The deposition of a solid material such as nanowire or nanotube or particle or a thin film on a substrate by the generation of reactive species in the gaseous phase is termed as chemical vapor deposition. When precursor gases pass over or come in contact with the heated substrate, reactive species are generated. There are a number of CVD forms that include low pressure chemical vapor deposition, atmospheric pressure chemical vapor deposition and metal organic chemical vapor deposition. In the case of MOCVD, metal organic species are used as precursors to form thin films of metal oxides, metals, metal nitrides and other kinds of metallic compounds.
Figure 1. Typical CVD Reactor.
Atomic layer deposition (ALD) is a unique CVD form in which it is possible to have atomic scale deposition control. The reaction chamber is fed with different precursors in an alternating fashion one at a time and self-limiting surface reactions take place in such a way that during each reaction cycle, the same amount of material is deposited. Highly smooth, uniformly thick alternating layers of a range of materials that are very dense and with very few defects are formed.
ALD/CVD processes are impressive as they enable the growth of thin films that are conforming as well as uniform with an accurate thickness control. Basic CVD applications include producing wear-resistant, corrosion-resistant and high temperature resistant protective coatings and enable the formation of optical fibers, dense structural parts, ceramic composites and interesting new powdered/fibrous materials. CVD is suitable for fabricating optical storage media and is used for producing semiconductor devices.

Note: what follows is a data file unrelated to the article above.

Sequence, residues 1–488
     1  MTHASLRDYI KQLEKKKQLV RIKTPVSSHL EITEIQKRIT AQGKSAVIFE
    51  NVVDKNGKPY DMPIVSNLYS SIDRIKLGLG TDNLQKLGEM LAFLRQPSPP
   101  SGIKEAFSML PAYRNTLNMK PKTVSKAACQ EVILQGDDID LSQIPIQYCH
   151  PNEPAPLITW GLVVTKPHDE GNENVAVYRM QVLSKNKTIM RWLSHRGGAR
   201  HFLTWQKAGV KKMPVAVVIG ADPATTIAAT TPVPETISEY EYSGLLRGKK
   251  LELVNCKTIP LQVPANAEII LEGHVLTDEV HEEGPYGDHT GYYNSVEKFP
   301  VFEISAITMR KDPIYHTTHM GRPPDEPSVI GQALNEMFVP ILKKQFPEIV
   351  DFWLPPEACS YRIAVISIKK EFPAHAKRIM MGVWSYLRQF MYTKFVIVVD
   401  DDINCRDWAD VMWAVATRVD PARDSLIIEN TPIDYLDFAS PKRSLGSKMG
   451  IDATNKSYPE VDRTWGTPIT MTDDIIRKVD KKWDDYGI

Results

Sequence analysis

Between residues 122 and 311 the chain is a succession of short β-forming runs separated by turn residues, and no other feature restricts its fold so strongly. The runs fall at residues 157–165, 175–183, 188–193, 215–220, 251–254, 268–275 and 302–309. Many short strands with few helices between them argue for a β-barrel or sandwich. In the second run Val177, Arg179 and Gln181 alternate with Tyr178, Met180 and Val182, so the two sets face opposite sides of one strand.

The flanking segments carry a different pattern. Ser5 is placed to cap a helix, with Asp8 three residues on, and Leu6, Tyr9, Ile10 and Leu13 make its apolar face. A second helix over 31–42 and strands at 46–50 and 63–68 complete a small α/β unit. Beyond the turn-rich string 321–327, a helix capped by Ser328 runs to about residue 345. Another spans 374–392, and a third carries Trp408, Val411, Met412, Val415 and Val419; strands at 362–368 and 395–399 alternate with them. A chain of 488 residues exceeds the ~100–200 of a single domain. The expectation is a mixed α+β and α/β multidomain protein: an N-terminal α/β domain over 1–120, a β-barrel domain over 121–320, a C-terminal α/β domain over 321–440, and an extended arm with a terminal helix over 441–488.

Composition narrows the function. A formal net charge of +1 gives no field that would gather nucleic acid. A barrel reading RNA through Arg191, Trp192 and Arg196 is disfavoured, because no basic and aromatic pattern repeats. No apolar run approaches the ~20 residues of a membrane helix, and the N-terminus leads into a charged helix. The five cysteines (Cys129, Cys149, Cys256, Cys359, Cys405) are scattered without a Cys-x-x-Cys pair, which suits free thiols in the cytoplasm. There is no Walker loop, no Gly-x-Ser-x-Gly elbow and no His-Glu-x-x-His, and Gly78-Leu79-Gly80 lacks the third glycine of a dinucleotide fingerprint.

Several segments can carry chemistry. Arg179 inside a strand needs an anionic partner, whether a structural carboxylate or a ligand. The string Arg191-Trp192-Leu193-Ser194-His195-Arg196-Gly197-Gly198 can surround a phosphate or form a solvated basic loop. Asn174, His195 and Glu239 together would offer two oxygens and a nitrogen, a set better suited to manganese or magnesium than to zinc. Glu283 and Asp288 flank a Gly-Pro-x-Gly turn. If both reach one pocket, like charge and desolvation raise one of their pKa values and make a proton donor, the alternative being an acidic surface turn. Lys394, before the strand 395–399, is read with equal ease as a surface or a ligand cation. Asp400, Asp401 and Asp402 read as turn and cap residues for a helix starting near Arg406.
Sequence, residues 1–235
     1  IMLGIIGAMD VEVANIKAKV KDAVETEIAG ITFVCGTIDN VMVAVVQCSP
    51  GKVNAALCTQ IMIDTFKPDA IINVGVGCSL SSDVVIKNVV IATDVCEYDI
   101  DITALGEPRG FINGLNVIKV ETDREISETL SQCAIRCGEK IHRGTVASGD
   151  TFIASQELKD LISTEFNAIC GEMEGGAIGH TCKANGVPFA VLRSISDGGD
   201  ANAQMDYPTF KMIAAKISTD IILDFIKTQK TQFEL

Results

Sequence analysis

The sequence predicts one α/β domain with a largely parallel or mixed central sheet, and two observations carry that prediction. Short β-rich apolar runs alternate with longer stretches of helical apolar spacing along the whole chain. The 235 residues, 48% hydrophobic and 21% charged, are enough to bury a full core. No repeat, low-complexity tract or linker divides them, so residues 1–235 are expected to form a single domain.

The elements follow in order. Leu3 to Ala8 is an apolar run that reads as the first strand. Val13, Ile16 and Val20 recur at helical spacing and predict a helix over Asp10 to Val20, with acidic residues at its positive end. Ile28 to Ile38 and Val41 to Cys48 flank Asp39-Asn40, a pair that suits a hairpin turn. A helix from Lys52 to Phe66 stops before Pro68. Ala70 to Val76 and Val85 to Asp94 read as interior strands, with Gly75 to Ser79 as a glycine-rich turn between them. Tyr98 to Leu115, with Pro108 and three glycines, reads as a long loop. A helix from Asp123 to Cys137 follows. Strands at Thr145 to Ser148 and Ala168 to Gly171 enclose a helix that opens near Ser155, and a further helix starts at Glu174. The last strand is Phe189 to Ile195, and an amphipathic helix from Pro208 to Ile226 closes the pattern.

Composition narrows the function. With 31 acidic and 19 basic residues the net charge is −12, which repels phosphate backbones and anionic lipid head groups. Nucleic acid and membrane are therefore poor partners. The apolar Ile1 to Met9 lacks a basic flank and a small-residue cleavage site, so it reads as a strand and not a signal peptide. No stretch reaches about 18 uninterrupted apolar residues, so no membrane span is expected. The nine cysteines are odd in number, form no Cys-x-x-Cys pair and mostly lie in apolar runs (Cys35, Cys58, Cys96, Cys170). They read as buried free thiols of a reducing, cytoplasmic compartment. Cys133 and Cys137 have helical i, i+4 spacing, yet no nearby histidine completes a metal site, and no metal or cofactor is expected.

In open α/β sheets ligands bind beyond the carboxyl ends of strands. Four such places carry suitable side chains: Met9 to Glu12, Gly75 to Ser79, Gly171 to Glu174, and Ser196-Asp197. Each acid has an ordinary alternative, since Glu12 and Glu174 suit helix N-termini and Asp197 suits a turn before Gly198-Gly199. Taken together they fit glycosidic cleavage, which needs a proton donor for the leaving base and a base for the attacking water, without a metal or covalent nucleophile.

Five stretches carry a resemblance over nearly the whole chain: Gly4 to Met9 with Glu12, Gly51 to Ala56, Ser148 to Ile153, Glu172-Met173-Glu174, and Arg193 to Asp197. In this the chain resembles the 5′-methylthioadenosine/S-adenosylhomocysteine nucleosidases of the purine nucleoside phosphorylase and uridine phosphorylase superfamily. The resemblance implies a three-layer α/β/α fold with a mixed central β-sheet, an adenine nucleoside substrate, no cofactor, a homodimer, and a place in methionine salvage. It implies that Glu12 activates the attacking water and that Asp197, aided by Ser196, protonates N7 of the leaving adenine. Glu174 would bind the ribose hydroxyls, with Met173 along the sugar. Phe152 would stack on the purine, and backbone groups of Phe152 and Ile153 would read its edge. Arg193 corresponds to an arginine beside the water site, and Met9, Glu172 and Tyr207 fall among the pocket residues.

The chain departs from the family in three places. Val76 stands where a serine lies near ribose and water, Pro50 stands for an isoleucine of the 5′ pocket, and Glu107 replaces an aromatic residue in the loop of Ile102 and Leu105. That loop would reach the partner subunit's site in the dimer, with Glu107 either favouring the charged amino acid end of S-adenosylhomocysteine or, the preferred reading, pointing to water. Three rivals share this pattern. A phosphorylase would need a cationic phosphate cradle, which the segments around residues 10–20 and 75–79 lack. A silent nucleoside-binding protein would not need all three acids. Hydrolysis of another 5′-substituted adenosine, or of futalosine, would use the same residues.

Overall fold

However, with its even greater control of film formation, ALD is becoming highly attractive for the deposition of thin films with applications in microelectronic devices, such as integrated circuits, ferroelectric memories, switches, radiation detectors, thin-film capacitors, microelectromechanical structures (MEMS), and possibly as new high-k gate dielectrics to replace silica in future generations of metal oxide semiconductor field effect transistors. They also are significant for improving electroluminescent device technology.
Figure 2. General MOCVD Mechanism.
Importance of Precursor Selection in CVD/ALD
Process conditions have a significant impact on material properties produced using CVD/ALD and the right selection of precursors is important for obtaining the desired material. Typical CVD precursors include metal halides and hydrides however a large array of metal organic compounds are presently used that include metal alkoxides, metal alkyls, metal aminidates, metal carbonyls and metal diketonates and others.
Figure 3. Precursor selection.
The benefits of metal organic precursors over halides are many, these include:
- They are more volatile
- They present a chance to develop customized systems for low-temperature deposition processes
- They avoid complexities associated with high temperatures
- Also they eliminate halogens that can be corrosive during deposition and is beneficial if incorporated even in the formed film.
Precursors must be volatile but thermally stable so that decomposition does not occur during vaporization and they are soluble in an inert solvent or liquid at room temperature. Furthermore there must be preferential reactivity towards the growing film and towards the substrate. ALD precursors must also have self-limiting reactivity with the film surface and the substrate.